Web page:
, Newburyport, MA

March 10, 2014

Freedom: What in the (modern) world does it mean?

As Good As Your Word
Jonathan Wells

---- — Years ago I pointed out in my first column for this paper that the word “freedom” and its relatives “free” and “liberty” are forever being bandied about by politicians (in particular) without anyone’s attempting to define them — i.e., to “find the referent,” a term Stuart Chase uses in his classic book “The Tyranny of Words.”

This term means discovering what in the “real” world a word actually means — and it’s critical to do this if we want language to mean anything. For example, it is easy to find a referent for the word “hammer,” less easy for the word “water,” even harder for more abstract words like (say) “beauty,” and, as I see it, nearly impossible for very abstract words like “freedom.” But if we just say, “Oh, of course, freedom,” and let it go without thinking seriously about it, we will be at the mercy of (and manipulated by) the blowhards and the demagogues. What does it mean to you?

For many years New Hampshire residents have been driving around with license plates that proclaim “Live Free or Die.” (Note: You can alter the motto on your plate if it conflicts with your beliefs, says the N.H. Supreme Court.) But few people seem to have asked what that injunction actually means for each individual. “Live Free or Die” may stir the soul, but what is its practical day-to-day impact? As I asked then, “Who decides how free you are, and if you’re not free enough, do you have to die, and if so, how?” If apparently absurd questions like these aren’t answered, the motto, while perhaps inspiring, is essentially meaningless.

Therefore, I have for some time felt I should try harder to define “free and freedom.” (I am putting “liberty” to one side, since it tends to be defined by, and is used to define, “freedom.”) The gives the following broad definition of freedom:

“Exemption from the constraint or restraint of physical or moral forces … independence.” “The power or right to act, speak, or think as one wants without hindrance or restraint” (Oxford Dictionaries). I can’t find a way to give any meaning to these broad terms except by coming down to specific instances of freedom and non-freedom as they affect us as individuals.

One can start with the question generated by New Hampshire’s motto. “What does “free” or “freedom” mean as applied to each of us every day?” My quest for the referent begins with a recognition of the innumerable “constraints or restraints” that actually affect one’s “power or right to act, speak, or think as one wants.”

Let us visualize freedom metaphorically as a large of piece of canvas, and then see what pieces of it have been cut out and what holes made by these various “constraints or restraints.” I was somewhat shocked to see that the canvas of “freedom” ended up pretty shredded by a vast variety of constraints, of some of which I had never thought.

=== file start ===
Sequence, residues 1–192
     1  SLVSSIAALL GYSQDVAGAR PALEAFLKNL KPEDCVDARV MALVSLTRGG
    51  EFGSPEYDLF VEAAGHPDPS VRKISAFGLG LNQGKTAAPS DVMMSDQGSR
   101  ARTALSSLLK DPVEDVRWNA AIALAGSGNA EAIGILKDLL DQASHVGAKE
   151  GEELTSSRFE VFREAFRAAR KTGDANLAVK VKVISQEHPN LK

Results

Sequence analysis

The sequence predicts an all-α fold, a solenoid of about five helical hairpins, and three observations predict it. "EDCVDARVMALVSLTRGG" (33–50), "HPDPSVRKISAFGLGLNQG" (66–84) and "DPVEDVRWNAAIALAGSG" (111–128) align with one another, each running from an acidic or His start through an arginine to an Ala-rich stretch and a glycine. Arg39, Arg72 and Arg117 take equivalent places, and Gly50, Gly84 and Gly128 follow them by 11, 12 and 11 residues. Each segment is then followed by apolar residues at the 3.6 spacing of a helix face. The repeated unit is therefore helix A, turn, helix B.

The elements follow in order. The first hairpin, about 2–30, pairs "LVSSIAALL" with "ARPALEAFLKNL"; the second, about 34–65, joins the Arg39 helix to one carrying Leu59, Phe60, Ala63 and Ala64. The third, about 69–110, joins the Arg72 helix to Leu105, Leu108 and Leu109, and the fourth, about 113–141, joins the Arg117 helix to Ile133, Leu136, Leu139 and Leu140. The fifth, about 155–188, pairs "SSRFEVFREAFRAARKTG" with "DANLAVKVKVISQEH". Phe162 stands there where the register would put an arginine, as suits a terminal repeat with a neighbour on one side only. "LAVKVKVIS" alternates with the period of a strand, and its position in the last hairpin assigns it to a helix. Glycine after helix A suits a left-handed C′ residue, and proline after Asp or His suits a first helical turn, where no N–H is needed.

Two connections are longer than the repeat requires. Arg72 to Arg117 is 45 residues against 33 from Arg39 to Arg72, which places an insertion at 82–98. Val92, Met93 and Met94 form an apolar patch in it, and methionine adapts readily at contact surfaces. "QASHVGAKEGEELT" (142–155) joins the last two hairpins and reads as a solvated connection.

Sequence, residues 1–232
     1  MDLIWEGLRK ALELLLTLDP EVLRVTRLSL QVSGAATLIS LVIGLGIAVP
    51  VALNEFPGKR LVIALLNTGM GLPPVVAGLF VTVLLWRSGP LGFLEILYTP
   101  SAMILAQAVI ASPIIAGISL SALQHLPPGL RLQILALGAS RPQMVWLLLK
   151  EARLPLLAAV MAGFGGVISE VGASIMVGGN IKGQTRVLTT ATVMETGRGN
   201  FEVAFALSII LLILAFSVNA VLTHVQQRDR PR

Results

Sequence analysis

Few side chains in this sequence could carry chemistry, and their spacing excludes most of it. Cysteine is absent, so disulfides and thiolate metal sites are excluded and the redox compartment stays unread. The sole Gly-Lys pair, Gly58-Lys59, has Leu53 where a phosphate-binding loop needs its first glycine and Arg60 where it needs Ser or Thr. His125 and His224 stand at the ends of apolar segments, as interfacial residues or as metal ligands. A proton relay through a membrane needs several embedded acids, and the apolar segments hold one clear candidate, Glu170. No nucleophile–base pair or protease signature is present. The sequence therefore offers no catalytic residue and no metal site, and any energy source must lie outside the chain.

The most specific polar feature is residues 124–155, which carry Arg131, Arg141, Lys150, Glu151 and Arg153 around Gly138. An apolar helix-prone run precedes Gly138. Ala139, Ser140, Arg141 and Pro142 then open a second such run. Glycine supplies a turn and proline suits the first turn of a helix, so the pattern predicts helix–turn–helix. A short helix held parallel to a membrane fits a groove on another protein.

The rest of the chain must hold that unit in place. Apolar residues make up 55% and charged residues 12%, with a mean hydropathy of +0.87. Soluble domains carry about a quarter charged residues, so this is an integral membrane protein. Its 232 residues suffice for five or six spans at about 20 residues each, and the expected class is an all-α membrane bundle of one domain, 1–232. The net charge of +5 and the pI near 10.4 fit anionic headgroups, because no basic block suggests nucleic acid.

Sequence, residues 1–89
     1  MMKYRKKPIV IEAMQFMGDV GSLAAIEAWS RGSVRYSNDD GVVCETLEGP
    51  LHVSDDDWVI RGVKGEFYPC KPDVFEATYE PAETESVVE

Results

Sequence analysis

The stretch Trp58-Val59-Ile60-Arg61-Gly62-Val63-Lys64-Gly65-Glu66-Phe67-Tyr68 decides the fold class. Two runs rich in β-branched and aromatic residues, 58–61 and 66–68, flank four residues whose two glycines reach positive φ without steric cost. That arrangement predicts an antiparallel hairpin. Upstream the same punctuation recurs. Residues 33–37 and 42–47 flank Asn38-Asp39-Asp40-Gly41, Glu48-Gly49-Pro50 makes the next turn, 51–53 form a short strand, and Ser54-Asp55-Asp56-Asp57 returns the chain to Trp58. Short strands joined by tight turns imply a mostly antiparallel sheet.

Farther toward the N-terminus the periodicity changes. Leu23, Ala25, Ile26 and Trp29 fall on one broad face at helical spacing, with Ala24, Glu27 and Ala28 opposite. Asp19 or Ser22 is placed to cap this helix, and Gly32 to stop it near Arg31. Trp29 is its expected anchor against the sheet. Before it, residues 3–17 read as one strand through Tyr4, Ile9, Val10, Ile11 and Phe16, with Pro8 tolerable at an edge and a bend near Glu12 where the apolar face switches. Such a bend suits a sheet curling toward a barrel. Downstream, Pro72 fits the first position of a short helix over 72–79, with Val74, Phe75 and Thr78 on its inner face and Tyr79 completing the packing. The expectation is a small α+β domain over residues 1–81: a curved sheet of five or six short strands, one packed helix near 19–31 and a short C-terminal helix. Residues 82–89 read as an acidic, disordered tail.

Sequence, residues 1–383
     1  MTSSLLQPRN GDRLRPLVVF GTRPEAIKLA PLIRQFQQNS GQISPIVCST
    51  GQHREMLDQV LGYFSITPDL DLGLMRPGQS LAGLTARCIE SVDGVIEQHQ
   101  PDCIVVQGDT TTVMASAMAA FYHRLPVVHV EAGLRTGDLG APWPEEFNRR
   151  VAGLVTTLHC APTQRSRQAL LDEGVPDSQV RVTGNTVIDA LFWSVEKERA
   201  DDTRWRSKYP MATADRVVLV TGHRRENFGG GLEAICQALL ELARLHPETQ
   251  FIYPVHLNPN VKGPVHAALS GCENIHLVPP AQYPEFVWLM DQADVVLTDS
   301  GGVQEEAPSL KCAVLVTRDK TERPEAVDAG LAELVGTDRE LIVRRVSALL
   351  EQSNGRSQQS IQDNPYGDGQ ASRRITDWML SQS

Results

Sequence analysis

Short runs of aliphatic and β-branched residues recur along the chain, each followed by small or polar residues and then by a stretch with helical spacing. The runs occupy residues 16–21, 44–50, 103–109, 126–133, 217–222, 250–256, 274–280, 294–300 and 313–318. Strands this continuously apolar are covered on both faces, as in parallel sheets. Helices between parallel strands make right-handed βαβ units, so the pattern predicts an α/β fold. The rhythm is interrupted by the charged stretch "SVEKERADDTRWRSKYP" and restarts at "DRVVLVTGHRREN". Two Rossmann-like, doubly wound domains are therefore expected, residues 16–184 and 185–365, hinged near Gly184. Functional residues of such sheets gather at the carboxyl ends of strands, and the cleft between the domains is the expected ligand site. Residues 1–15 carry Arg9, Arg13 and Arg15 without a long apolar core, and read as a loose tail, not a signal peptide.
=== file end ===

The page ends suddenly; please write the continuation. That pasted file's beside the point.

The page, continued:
Most obvious are the legal laws and rules. The state prohibits you from doing many antisocial things, and fines or punishes you if you hurt people or property. You are not free to do all sorts of anti-social things, such as shoot people, drive too fast, steal — and so on and on. We’re used to these, and trade our freedom to do them for the freedom from being shot, run over or robbed. They do, nevertheless, greatly curtail the total freedom Rousseau envisioned in his “state of Nature.“

These laws and regulations, strangely, may be less important than hundreds of other constraints in our lives — limits cultural (don’t malign your country’s values), societal (don’t spit on the floor, don’t be gay), familial (don’t contradict your father), economic (don’t get into debt), security (don’t walk late at night in a strange place), all enforced by the omnipresent fear of criticism, of being thought a fool or a boor, of being hurt, of being ostracized.

Religious prohibitions are widespread — they often prescribe what to eat (or not), to wear (or not), what not to read, what observances are required of the faithful. All are enforced by fear of punishment during life or after death.

Today (supposedly for your own good) you can’t buy a car without government-mandated equipment, marry without a permit (marry same-sex at all in some states) or build your house the way you want (restrictive building codes and costly permits). And sadly the fear of terrorism cuts yet more cloth from our ragged metaphorical bolt of canvas. And we don’t know yet what effect increasing government surveillance of our lives will have.

I think my quest for a concise referent for “freedom” has failed. See what you can do.


Jonathan Wells,, encourages himself and you constantly to “find (or at least search for) the referent” of all the words you hear and speak. He lives in Newbury.